The Hamilton Spectator

Internatio­nal plan to install new leadership rejected by parties


A proposal to install new leadership in Haiti appeared to be crumbling Wednesday as some political parties rejected the plan to create a presidenti­al council that would manage the transition.

The panel would be responsibl­e for selecting an interim prime minister and a council of ministers that would attempt to chart a new path for the Caribbean country that has been overrun by gangs. The violence has closed schools and businesses and disrupted daily life across Haiti.

Jean Charles Moïse, an ex-senator and presidenti­al candidate who has teamed up with former rebel leader Guy Philippe, held a news conference Wednesday to announce his rejection of the proposed council backed by the internatio­nal community.

Moïse insisted that a three-person presidenti­al council he recently created with Philippe and a Haitian judge should be implemente­d.

“We are not going to negotiate it,” he said loudly as he wiped his forehead with a handkerchi­ef. “We have to make them understand.”

His ally Philippe, who helped lead a successful revolt in 2004 against former president Jean-Bertrand Aristide and was recently released from a U.S. prison after pleading guilty to money laundering, said no Haitian should accept any proposal from the internatio­nal community.

In a video posted Tuesday on social media, Philippe accused the community of being complicit with Haiti’s elite and corrupt politician­s and urged Haitians to take to the streets.

“The decision of Caricom is not our decision,” he said, referring to the regional trade bloc whose leaders presented the plan to create a transition­al council. “Haitians will decide who will govern Haiti.”

Other high-profile Haitian politician­s declined to participat­e in the proposed transition­al council. Among them were Himmler Rébu, former colonel of Haiti’s army and president of the Grand Rally for the Evolution of Haiti, a party that is part of a coalition awarded a spot on the transition­al council.

He said in a statement that the party prefers that a judge from Haiti’s Supreme Court assume the reins of power. Rébu added that the party is “ashamed and angry” upon seeing “the search for positions of power that do not take into account the responsibi­lities attached to them.”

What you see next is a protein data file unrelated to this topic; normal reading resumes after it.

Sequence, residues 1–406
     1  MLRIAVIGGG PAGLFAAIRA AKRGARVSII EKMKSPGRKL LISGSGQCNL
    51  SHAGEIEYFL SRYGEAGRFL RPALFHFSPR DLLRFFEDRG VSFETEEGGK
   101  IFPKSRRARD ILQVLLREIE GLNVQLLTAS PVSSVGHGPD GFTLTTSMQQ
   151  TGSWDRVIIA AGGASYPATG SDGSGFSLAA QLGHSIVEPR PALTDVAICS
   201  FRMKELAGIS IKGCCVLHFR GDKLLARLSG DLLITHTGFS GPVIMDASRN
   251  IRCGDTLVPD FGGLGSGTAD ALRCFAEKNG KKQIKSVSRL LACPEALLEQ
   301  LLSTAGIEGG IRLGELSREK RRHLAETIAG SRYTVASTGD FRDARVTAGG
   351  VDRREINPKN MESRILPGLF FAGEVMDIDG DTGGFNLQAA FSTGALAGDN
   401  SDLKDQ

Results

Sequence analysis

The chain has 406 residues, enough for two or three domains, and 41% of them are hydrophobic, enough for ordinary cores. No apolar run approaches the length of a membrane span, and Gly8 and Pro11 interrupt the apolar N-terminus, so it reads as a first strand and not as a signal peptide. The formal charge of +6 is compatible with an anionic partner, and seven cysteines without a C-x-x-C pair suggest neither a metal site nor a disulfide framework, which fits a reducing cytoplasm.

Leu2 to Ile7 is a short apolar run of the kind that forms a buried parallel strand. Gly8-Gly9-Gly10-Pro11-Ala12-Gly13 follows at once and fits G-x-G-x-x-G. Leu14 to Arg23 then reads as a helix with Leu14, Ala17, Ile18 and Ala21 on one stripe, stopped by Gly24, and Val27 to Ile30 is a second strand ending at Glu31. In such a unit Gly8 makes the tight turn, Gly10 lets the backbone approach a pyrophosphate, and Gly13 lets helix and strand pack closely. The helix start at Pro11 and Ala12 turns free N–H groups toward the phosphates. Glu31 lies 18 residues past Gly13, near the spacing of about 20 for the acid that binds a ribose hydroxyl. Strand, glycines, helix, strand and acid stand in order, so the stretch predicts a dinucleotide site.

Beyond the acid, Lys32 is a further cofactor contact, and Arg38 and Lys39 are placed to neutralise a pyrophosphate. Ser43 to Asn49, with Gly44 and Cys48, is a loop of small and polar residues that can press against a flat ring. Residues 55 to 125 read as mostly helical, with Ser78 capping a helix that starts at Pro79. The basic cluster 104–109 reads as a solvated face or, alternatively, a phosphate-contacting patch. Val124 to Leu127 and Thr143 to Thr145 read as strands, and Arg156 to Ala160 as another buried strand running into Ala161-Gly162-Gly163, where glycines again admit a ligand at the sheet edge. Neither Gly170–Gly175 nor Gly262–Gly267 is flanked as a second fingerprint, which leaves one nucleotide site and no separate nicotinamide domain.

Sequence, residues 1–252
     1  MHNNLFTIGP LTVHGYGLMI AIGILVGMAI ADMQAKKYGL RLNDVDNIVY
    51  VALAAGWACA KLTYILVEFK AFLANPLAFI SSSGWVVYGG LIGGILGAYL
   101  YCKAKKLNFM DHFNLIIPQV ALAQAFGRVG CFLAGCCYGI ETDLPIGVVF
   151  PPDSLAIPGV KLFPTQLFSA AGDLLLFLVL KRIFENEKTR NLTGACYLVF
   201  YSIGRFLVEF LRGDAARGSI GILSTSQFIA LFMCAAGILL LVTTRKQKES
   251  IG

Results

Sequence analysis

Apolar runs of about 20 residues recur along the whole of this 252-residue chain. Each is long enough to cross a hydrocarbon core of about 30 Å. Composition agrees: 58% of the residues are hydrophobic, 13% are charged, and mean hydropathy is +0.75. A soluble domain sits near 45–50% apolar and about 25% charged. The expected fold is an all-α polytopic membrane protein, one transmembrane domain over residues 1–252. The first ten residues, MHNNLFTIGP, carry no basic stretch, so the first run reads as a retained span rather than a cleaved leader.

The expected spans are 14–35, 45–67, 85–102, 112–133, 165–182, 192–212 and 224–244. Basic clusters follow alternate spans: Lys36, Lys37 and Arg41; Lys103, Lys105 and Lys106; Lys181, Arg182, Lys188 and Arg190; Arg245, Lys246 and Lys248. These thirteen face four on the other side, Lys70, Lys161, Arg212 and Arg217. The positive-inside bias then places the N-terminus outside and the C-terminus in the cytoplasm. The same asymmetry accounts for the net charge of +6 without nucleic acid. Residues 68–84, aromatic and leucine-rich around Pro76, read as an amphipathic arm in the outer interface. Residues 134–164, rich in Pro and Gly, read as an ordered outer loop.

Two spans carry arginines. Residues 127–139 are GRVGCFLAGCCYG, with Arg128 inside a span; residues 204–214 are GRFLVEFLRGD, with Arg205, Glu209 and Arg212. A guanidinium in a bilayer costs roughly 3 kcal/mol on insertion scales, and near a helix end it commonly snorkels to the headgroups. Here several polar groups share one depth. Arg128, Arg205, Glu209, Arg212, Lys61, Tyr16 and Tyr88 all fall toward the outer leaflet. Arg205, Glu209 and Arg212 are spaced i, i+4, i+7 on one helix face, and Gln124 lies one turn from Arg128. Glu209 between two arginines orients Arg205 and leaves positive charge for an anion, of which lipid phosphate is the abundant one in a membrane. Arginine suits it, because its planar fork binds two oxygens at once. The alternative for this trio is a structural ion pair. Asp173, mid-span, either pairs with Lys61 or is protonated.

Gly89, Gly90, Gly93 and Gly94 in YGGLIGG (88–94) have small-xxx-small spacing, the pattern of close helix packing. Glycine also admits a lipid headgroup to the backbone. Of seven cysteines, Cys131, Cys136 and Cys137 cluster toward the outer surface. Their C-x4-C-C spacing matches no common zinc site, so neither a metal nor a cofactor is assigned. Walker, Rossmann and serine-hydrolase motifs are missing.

The plan emerged late Monday following an urgent meeting involving Caribbean leaders, U.S. Secretary of State Antony Blinken and others who are searching for a solution to halt Haiti’s crisis of violence.

Hours later, Henry announced Tuesday that he would resign once the council was in place, saying that his government “cannot remain insensitiv­e to this situation.”

He remains locked out of Haiti because gang attacks have shuttered the country’s airports. He is currently in Puerto Rico. The gang attacks began Feb. 29, when Henry was in Kenya to push for the UNbacked deployment of a Kenyan police force. The deployment has been temporaril­y suspended.

Armed men in the capital of Portau-Prince have set fire to police stations and stormed the country’s two biggest prisons, releasing more than 4,000 inmates. Among those who fled are gang leaders of at least seven communitie­s, according to the UN. Gangs also have attacked neighbourh­oods in a rampage that has left scores dead and more than 15,000 homeless.

 ?? ODELYN JOSEPH THE ASSOCIATED PRESS ?? Armed members of the G9 and Family gang stand guard at their roadblock in the Delmas 6 neighborho­od of Port-auPrince, Haiti, on Monday.
ODELYN JOSEPH THE ASSOCIATED PRESS Armed members of the G9 and Family gang stand guard at their roadblock in the Delmas 6 neighborho­od of Port-auPrince, Haiti, on Monday.

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